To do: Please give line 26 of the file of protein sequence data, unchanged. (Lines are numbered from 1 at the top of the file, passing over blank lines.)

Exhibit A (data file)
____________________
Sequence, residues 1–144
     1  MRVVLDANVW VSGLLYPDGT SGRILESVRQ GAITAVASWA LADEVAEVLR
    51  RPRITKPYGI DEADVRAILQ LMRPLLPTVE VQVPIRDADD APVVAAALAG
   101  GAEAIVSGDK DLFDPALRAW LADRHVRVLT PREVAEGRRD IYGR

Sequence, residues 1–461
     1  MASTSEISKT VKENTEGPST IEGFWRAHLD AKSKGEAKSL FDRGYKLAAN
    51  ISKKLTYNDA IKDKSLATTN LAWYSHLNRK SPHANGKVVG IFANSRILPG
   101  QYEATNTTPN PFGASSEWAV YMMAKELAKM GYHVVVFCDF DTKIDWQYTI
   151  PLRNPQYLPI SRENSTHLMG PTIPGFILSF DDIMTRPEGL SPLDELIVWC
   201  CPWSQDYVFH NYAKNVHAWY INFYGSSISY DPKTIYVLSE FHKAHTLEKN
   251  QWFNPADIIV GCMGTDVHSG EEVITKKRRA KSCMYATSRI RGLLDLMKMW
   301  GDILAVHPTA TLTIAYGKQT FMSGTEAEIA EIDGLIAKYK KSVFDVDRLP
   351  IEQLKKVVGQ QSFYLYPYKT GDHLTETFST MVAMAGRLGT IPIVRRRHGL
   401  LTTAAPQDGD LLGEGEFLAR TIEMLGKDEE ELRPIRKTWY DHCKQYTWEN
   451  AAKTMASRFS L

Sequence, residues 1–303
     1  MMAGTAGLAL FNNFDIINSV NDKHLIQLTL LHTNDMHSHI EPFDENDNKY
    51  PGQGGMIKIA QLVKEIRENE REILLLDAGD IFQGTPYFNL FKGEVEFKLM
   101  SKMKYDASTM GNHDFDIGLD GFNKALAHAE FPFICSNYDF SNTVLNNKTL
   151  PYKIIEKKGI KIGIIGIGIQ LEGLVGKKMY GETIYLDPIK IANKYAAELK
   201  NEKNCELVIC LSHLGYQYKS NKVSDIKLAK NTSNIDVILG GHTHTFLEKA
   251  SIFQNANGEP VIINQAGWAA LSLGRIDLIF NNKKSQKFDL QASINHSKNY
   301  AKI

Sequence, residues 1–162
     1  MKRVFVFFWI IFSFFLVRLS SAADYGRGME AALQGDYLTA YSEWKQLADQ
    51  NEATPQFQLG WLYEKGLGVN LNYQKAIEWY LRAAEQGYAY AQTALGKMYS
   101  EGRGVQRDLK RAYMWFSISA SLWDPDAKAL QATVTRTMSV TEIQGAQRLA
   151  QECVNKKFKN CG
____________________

    51  NEATPQFQLG WLYEKGLGVN LNYQKAIEWY LRAAEQGYAY AQTALGKMYS